GE/RR F136 Jet Engine Passes Critical Design Review
The US Air Force has repeatedly tried to kill the The F136 alternate engine program in favor of the Pratt & Whitney F135 that powers the existing fleet. In response, Congress looked at the success of dual-engine programs for the F-16 and now the F-15 as well, and voted twice to restore funding.
F136 engine tests continue at a unique, new test facility, located at a GE center at Peebles, OH (normal & STOVL engines) as well as at the US Air Force Arnold Engineering Development Center in Tennessee (basic F136 + F-35 exhaust nozzle). F-35 system development is scheduled to run through 2013, with the first production 40,000+ thrust F136 engines scheduled for delivery in “late 2012,” during F-35 Lot IV production.
Until then, all F-35s will fly with the Pratt & Whitney’s F135 engine, whose version for the F-35B STOVL fighter uses the same Rolls Royce Lift System add-ins that would be found in the F136…
Once the F136 is delivered, however, customers will be able to choose either engine for their F-35s. Britain, for instance, is almost certain to choose the GE/Rolls Royce F136, and so its successful delivery will affect Britain’s ability to field F-35s in time to deploy on its new Queen Elizabeth Class full-size CVF carriers.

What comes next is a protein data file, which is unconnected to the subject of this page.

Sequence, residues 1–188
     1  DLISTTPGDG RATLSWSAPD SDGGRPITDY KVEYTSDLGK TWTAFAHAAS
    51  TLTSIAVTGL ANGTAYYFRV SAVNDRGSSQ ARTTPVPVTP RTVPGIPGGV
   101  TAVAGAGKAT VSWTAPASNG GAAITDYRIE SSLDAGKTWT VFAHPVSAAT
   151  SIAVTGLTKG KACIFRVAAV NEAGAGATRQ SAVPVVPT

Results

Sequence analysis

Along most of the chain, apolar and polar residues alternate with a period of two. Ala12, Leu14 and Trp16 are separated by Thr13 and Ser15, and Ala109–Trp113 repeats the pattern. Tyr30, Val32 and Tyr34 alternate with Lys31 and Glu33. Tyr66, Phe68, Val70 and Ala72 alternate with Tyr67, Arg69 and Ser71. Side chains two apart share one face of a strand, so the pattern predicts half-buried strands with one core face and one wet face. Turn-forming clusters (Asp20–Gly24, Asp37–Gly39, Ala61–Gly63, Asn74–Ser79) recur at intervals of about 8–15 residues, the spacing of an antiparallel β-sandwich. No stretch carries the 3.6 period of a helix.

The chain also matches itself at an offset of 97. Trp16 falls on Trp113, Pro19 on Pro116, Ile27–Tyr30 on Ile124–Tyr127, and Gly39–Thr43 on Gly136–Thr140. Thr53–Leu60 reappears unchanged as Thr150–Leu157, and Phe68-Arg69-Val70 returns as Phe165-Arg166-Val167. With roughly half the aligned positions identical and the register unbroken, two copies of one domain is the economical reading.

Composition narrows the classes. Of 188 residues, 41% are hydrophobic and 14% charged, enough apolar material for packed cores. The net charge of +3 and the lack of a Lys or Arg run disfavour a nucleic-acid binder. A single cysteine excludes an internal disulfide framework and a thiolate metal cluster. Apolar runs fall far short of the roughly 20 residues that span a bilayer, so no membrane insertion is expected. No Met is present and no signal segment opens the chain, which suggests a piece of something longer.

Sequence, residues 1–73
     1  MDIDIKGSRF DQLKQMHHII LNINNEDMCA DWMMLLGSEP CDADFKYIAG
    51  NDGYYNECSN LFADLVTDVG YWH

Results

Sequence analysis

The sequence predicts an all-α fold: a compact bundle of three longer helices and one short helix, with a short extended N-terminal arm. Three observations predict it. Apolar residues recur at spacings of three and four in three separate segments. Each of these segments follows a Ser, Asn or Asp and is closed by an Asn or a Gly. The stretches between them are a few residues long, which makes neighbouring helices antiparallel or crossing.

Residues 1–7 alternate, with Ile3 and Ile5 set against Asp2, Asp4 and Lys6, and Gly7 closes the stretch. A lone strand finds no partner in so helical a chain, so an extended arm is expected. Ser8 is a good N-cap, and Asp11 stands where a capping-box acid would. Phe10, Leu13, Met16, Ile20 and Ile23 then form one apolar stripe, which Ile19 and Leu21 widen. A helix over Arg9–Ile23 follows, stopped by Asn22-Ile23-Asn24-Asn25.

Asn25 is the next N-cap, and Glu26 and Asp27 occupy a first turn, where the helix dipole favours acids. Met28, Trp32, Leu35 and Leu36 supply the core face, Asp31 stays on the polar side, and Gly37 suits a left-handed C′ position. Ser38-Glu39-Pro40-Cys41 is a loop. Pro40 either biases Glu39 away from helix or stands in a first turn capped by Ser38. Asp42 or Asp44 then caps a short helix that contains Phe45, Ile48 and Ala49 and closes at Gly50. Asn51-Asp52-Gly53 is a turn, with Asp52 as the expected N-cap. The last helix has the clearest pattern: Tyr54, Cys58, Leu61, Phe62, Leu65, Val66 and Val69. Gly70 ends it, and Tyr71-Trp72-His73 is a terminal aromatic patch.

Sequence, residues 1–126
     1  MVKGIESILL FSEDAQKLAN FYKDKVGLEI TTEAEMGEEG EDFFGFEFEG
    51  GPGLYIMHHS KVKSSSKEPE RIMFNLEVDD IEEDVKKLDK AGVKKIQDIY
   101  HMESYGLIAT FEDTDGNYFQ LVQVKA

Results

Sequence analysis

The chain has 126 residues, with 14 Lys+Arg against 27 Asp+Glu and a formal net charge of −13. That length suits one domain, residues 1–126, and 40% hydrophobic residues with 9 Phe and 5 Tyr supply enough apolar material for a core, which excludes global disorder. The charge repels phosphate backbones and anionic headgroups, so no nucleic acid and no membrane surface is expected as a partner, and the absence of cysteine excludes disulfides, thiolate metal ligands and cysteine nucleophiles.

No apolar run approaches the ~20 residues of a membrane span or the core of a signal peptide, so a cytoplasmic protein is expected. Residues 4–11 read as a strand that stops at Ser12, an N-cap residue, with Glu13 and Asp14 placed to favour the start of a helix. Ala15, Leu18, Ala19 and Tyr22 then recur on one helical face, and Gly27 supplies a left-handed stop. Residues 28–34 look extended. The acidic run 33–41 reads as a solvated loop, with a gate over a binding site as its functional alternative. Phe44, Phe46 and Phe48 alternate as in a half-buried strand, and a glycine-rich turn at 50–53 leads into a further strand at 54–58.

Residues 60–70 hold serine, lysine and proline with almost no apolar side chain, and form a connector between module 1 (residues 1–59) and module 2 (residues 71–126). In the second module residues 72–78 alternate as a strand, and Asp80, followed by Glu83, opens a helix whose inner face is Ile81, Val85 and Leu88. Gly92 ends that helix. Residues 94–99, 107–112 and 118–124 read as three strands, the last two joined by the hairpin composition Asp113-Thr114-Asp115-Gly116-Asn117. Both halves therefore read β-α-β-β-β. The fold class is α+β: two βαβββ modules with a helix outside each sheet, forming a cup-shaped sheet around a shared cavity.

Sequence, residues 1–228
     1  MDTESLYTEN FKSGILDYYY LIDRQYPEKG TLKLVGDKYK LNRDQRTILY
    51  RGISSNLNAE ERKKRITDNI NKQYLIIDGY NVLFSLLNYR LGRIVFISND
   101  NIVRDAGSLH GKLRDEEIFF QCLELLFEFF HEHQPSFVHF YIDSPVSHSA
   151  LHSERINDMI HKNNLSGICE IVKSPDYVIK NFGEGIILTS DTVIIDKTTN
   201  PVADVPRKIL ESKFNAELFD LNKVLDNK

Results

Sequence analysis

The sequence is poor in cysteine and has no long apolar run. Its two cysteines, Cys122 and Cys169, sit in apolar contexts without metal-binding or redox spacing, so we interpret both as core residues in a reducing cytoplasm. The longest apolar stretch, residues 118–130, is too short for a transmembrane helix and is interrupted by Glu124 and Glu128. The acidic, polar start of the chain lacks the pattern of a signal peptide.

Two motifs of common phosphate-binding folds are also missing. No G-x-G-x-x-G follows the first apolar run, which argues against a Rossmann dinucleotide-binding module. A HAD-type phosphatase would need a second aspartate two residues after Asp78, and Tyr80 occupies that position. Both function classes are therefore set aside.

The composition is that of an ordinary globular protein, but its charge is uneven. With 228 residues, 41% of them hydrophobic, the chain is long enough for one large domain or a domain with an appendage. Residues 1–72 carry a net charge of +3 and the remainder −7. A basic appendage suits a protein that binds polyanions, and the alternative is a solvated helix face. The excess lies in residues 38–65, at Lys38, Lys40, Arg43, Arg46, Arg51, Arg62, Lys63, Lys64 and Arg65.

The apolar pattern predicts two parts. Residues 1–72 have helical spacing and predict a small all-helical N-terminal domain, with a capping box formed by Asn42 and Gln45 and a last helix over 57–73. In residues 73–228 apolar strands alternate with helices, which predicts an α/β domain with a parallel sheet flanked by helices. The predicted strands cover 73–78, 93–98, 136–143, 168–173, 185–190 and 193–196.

On Feb 13/08, the GE Rolls-Royce Fighter Engine Team announced that its engine has completed its Critical Design Review, wherein the US Government’s Joint Program Office (JPO) for the F-35 Lightning II validates and approves the design of the engine before proceeding with the building of the first full development engines. The process, held at GE’s Evandale, OH facility, involved 80 detailed component and module design reviews, involving technical experts from the JPO, General Electric and Rolls-Royce.
Given past Pentagon attempts to kill the F-136 engine program, it’s hardly surprising for GE to add that the F136 engine is in the 3rd year of the System Development and Demonstration (SDD) contract “with full funding for FY 2008 and more than half of the overall SDD funding already appropriated.” Furthermore, “about 800 engineers and technicians are engaged in the F136 program at GE Aviation’s Cincinnati, Ohio, headquarters, and at Rolls-Royce facilities in Indianapolis, Indiana; and Bristol, England.” GE release.